Scott Pryor: Stranger Than Fiction
From U.S. Marine Corps to lawyer to actor and director, Scott Pryor is someone with a story to tell. His latest, Tulsa, is a tale of hope and redemption, and one he believes we need in the grips of a pandemic.
As a kid, Scott Pryor watched Stanley Kubrick’s movie, Full Metal Jacket. It’s a film that highlights the military mindset during the Vietnam War, but for Pryor, its portrayal of boot camp inspired him to join the United States Marine Corps, at the young age of just 17. “I graduated from high school on a Friday night, and on Monday night we flew in,” he says. “I did a total of 10 years in the Marine Corps … I’m very fortunate to have gone into leadership roles at a young age and make big mistakes as a young leader, but also learn from those and grow.”
Today, he’s leading a rather different life. As well as running his own law firm of Scott Pryor Law, which is listed in the top one per cent of trial attorneys in the U.S. by the Litigator Awards, he’s a director and actor with three feature-length movies under his belt.
“They Say Truth Is Stranger Than Fiction, And If You Were A Fly On The Wall For Some Of The Calls I Get And Scenarios, Situations And Obstacles I See, It’s All Over The Map”
Tulsa is his third and most recent movie. Currently in select theatres across the U.S., it follows the story of Tommy Colston (played by Pryor), a biker and addict who discovers he has a daughter, Tulsa. After reluctantly opening his life to Tulsa, her strong personality pushes Colston to face his demons. It’s a story that’s serious, but interspersed with moments of comedy that make it a tale that’s also positive and uplifting.
“Tulsa Is Inspired By A Conversation I Had With A Family When We Were Preparing For Trial”
Releasing any movie during a pandemic is risky, but as a risk-taker by nature, it’s the film’s subject matter that pushed Pryor to go ahead with it. “We’ve had messages from people who have quarantined and Tulsa is literally the first thing they’ve come out to, and they’ve responded by saying thank you so much,” Pryor says. “It’s a story of hope, redemption and love, and they really needed that because, right now, the country and the world, the uncertainty with the pandemic and presidential election year […] people need a story of love, hope, and redemption. They need to reconnect with themselves emotionally and not be living off feelings of fear, anger and unrest.”
Still practising professionally as a trial lawyer, Pryor’s route to film isn’t one that’s conventional. He traces his first experience of acting back to high school, where he had a teacher who would have students perform skits in class. “It was something I was really drawn to, but I decided to go to law school career-wise.”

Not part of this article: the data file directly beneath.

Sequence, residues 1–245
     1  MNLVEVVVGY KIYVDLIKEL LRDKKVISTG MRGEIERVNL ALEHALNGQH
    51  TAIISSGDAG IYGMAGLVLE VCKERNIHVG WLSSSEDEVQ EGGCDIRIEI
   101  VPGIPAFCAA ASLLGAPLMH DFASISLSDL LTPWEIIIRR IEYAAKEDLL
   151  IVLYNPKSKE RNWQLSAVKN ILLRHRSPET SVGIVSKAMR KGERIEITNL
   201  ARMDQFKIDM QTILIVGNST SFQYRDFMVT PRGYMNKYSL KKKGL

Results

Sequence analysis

When you speak with Pryor and understand the creative process he undertakes when putting a film together, you see there’s more parallels between film and law than you might have thought. In the same way his success in law has been driven by sitting down with clients to really understand how a life-changing injury has affected them or their family, Pryor takes the same approach when developing his characters. For Tulsa, a movie based on true events, that was particularly important.
“Tulsa is inspired by a conversation I had with a family when we were preparing for trial. Before the tragedy, the father and daughter would go to a father-daughter dance and dance all night, but afterwards, it was a 10-minute thing,” he explains. “The characters are fictionalized, and certainly parts of the story are fictionalized, but they were inspired by several conversations I had and cases I worked on. They say truth is stranger than fiction, and if you were a fly on the wall for some of the calls I get and scenarios, situations and obstacles I see, it’s all over the map. It’s fertile ground for inspiration and really grounds you as a person.”
Look back at Pryor’s previous works, and you’ll see a similar correlation. His first movie, The List, tells the story of a successful lawyer who looks to God after an unfortunate turn of events, and his second movie, Blackbear, centres on two marines who escape an ISIS interrogation; one struggles to survive while the other fights his way back into the mixed martial arts (MMA) ring. Though they are all stories that are different, they all draw from Pryor’s personal experiences with all different kinds of people.
Looking to the future, it’s a personal approach that’s going to continue, and Pryor shares plans of working on a mental heath drama that seeks to educate, inspire and entertain by telling a story via an average family, among others.
“Be an open book,” Pryor says after being asked, with a life as eventful as his, how he lives la dolce vita. “Reach out and help people. Never miss an opportunity to help someone. I don’t think we’re blessed when we’re trying to hold everything in. The more you help people, the bigger your life gets.”